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Government responds to Hackitt Review

17 May 2018

THE MINISTER for Housing, Communities and Local Government has issued a response to the Independent Review on the Building Regulations and Fire Safety on behalf of the government.

Speaking in Parliament, James Brokenshire revealed that the government will bring forward plans to update Building Regulations fire safety guidance and has opened a public consultation on the Independent Review on the Building Regulations and Fire safety, which will run until July.  He has also reaffirmed the government’s intention to ban inappropriate desktop studies.

Mr Brokenshire said: “Dame Judith is clear that the current system - developed over many years and successive governments – is not fit for purpose.

“She is calling for major reform and a change of culture, with the onus more clearly on everyone involved to manage the risks they create at every stage and government doing more to set and enforce high standards.

“This government agrees with that assessment and supports the principles behind the report’s recommendations for a new system.

“We agree with the call for greater clarity and accountability over who is responsible for building safety during the construction, refurbishment and on-going management of high-rise homes.

“The Hackitt review has shown that in too many cases people who should be accountable for fire safety have failed in their duties.

“In future, the government will ensure that those responsible for a building must demonstrate they have taken decisive action to reduce building safety risks and will be held to account.

“We agree that the system should be overseen by a more effective regulatory framework, including stronger powers to inspect high-rise buildings and sanctions to tackle irresponsible behaviour.

:We agree that there should be no buck passing between different parts of the industry and that everyone needs to work together to change the system.

“And, crucially – given the concerns raised following the Grenfell tragedy – we agree that residents must be empowered with relevant information.

“I am committing today to bring forward legislation that delivers meaningful and lasting change and gives residents a much stronger voice in an improved system of fire safety. Changing the law will take time.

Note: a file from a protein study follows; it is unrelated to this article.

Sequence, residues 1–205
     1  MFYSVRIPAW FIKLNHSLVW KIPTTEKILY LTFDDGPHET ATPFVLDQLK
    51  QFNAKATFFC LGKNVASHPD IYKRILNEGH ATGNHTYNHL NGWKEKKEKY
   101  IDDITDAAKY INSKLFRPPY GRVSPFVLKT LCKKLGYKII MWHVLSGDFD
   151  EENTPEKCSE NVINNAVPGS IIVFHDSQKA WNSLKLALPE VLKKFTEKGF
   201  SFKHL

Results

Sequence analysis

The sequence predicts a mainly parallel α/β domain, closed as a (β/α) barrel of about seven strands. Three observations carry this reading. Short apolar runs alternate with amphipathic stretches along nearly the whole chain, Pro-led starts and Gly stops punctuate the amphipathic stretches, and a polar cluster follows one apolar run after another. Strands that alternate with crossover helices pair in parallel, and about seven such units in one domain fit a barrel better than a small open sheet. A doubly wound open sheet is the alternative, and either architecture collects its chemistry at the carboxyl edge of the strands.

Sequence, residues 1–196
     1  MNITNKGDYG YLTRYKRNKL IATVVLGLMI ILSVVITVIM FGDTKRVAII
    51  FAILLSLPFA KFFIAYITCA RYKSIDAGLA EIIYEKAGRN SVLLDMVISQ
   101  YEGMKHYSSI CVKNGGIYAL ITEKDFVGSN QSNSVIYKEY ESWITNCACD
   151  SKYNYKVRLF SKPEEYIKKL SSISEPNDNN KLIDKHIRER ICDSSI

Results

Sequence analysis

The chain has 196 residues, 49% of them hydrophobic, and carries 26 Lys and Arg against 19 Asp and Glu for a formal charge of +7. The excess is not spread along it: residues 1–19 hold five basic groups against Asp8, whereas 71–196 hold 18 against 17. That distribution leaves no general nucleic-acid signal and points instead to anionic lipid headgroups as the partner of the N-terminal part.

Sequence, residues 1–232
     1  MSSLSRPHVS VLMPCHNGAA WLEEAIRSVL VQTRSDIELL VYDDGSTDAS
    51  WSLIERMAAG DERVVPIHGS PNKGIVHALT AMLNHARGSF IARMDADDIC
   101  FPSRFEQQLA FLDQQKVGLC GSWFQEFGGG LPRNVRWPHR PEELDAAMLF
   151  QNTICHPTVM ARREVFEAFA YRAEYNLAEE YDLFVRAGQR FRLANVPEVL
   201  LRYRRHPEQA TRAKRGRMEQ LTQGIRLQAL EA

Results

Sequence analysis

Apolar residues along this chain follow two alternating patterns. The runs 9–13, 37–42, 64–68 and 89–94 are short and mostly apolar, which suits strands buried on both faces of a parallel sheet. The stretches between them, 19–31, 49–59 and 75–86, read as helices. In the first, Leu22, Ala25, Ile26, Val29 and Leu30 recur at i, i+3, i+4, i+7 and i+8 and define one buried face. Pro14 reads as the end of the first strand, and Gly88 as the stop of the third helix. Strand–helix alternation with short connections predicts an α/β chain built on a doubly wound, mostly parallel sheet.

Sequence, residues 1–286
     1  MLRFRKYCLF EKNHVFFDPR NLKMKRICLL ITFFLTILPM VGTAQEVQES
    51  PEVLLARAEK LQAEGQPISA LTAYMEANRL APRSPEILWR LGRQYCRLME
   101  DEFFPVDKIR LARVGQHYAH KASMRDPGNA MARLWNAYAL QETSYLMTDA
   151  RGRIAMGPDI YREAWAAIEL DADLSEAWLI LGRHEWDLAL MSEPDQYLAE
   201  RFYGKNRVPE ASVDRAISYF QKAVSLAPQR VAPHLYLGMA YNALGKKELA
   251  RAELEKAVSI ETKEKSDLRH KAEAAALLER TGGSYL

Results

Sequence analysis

“But as Dame Judith acknowledges, we can – and must – start changing the culture and practice right now. As a first step, we are asking everyone involved to have their say on how we can achieve this by contacting us by the end of July.

“Their response will inform a more detailed statement to the House in the autumn on how we intend to implement the new regulatory system.

“For our part, this government has accepted and been implementing the recommendations that relate to us since Dame Judith published her interim report in December.

“Firstly, we are consulting on significantly restricting or banning the use of “desktop studies” to assess cladding systems.

“Inappropriate use of desktop studies is unacceptable and I will not hesitate to ban them if the consultation – which closes on 25 May – does not demonstrate that they can be used safely.

“Secondly, we are working with industry to clarify Building Regulations fire safety guidance, and I will publish this for consultation in July.

“Let me be clear, the cladding believed to be on Grenfell Tower was unlawful under existing building regulations. It should not have been used.

“I will ensure that there is no room for doubt over what materials can be used safely in cladding of high rise residential buildings.

“Having listened carefully to concerns, the government will consult on banning the use of combustible materials in cladding systems on high-rise residential buildings.

“Thirdly, we will work with the industry to make the wider suite of building regulations guidance more user-friendly.”

The Prime Minister announced yesterday, the government will fully fund the removal and replacement of potentially dangerous cladding by social landlords with costs estimated at £400 million.